DBF Interviews: Caelainn Hogan


Caelainn HoganCaelainn Hogan was born in Dublin in 1988, and grew up a stone’s throw from Ireland’s biggest holding centre for adoptions. Her journalism has featured in The New York Times Magazine, Harper’s, The New Yorker, VICE magazine, The Guardian, Al Jazeera English, The Irish Times and The Dublin Review.  In her debut book, Republic of Shame,  she examines Ireland’s institutions for unmarried mothers, and the people whose lives will be forever impacted by the country’s fixation on shame.

Caelainn will be in conversation with Katie Hannon on Friday, 15 November at 6.30 pm. Find out more here.

 

What first made you interested in researching and writing a book about the institutions for unmarried mothers?

I began writing the book in 2017, the year that the results of the test excavation in Tuam were released. I had been reporting abroad as a freelance journalist but was back home in Ireland, working on stories about current forms of institutionalisation, like direct provision and emergency accommodation. A catalyst for me was realising how little I knew about Ireland’s religious-run institutions, particularly the so-called mother and baby “homes” where women pregnant outside of marriage were sent. When I began speaking to people about these institutions, I quickly came to realise how many lives were still being impacted by this legacy of shame and stigma. People I knew personally were affected. People my own age who were adopted through the institutions were still being denied access to their own birth information. There was a new generation only beginning to search.

I wanted to speak with many different people who had been inside these institutions, to understand this legacy through their lived experiences. I spoke with a mother who gave birth twice in Tuam and was sent to a Magdalene Laundry and also to a nun who worked in Ireland’s biggest mother and baby home. They described a surreal system of secrecy. It became more and more important to me to understand the experiences of people who had been behind the walls of these institutions.

 

One of the most gripping aspects of the book is how contemporary it is. We have a tendency to view these places as part of Ireland’s recent history, but your book draws a lot of attention to the fact that for many people, it’s still a huge aspect of their lives. Did you have a particular moment when it really hit you how current this subject matter is?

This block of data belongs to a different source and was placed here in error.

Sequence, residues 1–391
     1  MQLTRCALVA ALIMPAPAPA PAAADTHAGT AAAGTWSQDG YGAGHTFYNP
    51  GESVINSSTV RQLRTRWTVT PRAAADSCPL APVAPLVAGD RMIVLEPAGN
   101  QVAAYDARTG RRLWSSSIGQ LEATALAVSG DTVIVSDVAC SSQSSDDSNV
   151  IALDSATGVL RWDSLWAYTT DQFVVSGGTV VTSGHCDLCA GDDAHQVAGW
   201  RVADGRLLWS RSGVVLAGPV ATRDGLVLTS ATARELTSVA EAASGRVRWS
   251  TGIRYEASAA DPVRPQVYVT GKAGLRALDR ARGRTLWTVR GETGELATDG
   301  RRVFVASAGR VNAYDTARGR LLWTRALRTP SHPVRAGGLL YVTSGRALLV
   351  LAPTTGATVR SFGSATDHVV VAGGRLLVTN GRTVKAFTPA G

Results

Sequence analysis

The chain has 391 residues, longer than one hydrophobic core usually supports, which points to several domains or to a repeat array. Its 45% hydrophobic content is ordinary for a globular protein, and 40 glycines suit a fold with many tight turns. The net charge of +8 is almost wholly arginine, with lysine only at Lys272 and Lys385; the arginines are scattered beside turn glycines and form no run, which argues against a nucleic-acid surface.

I remember one moment when it struck me just how recently this system operated in Ireland. I was in the middle of viewing a room to rent in Dublin and the woman told me she was born the same year as me but in the Bessborough mother and baby institution. At the time she was only starting to trace her mother. Today she is still facing years on a government agency waiting list.
I was born in 1988. The legal status of illegitimacy was only abolished in 1987. I grew up in an Ireland that was rapidly changing and where the authority of the Catholic church was never unquestionable or absolute. The endemic abuse in religious-run institutions exposed during the 1990s had sparked a national reckoning that is ongoing. Apart from those waiting to trace, I also met mothers whose children died in the institutions and who were still searching for where their own babies were buried. These were people in urgent need answers.
Early on in writing the book, I spoke with a friend’s aunt who grew up not far from me and had herself been born in one of the religious-run institutions. When she became pregnant she was sent to a mother and baby home institution in Dublin in 1988. She kept her baby but was alienated by her own adoptive parents and faced a lot of stigma. These could have easily been alternative fates for myself and my mum, since my parents weren’t married when I was born. Then through my reporting I found out about a mother and baby institution that was open until 2006. I could have been sent there myself. This was definitely not the past.